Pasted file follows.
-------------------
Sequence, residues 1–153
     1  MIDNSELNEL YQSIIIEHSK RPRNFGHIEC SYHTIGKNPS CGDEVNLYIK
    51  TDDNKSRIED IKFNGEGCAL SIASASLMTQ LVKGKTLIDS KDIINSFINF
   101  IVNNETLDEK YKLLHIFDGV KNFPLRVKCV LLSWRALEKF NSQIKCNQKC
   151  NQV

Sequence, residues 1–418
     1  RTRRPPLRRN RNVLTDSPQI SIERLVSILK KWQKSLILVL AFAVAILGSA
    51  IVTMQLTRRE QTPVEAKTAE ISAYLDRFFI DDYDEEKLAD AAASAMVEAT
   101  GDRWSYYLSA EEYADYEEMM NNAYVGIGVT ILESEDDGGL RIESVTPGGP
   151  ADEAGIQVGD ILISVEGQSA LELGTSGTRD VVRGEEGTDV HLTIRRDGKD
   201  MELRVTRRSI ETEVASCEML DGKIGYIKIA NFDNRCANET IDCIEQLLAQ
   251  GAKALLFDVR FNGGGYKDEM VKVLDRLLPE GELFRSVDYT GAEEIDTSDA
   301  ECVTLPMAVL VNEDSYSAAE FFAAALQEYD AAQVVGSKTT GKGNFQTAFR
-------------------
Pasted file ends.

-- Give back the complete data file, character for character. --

Sequence, residues 1–153
     1  MIDNSELNEL YQSIIIEHSK RPRNFGHIEC SYHTIGKNPS CGDEVNLYIK
    51  TDDNKSRIED IKFNGEGCAL SIASASLMTQ LVKGKTLIDS KDIINSFINF
   101  IVNNETLDEK YKLLHIFDGV KNFPLRVKCV LLSWRALEKF NSQIKCNQKC
   151  NQV

Sequence, residues 1–418
     1  RTRRPPLRRN RNVLTDSPQI SIERLVSILK KWQKSLILVL AFAVAILGSA
    51  IVTMQLTRRE QTPVEAKTAE ISAYLDRFFI DDYDEEKLAD AAASAMVEAT
   101  GDRWSYYLSA EEYADYEEMM NNAYVGIGVT ILESEDDGGL RIESVTPGGP
   151  ADEAGIQVGD ILISVEGQSA LELGTSGTRD VVRGEEGTDV HLTIRRDGKD
   201  MELRVTRRSI ETEVASCEML DGKIGYIKIA NFDNRCANET IDCIEQLLAQ
   251  GAKALLFDVR FNGGGYKDEM VKVLDRLLPE GELFRSVDYT GAEEIDTSDA
   301  ECVTLPMAVL VNEDSYSAAE FFAAALQEYD AAQVVGSKTT GKGNFQTAFR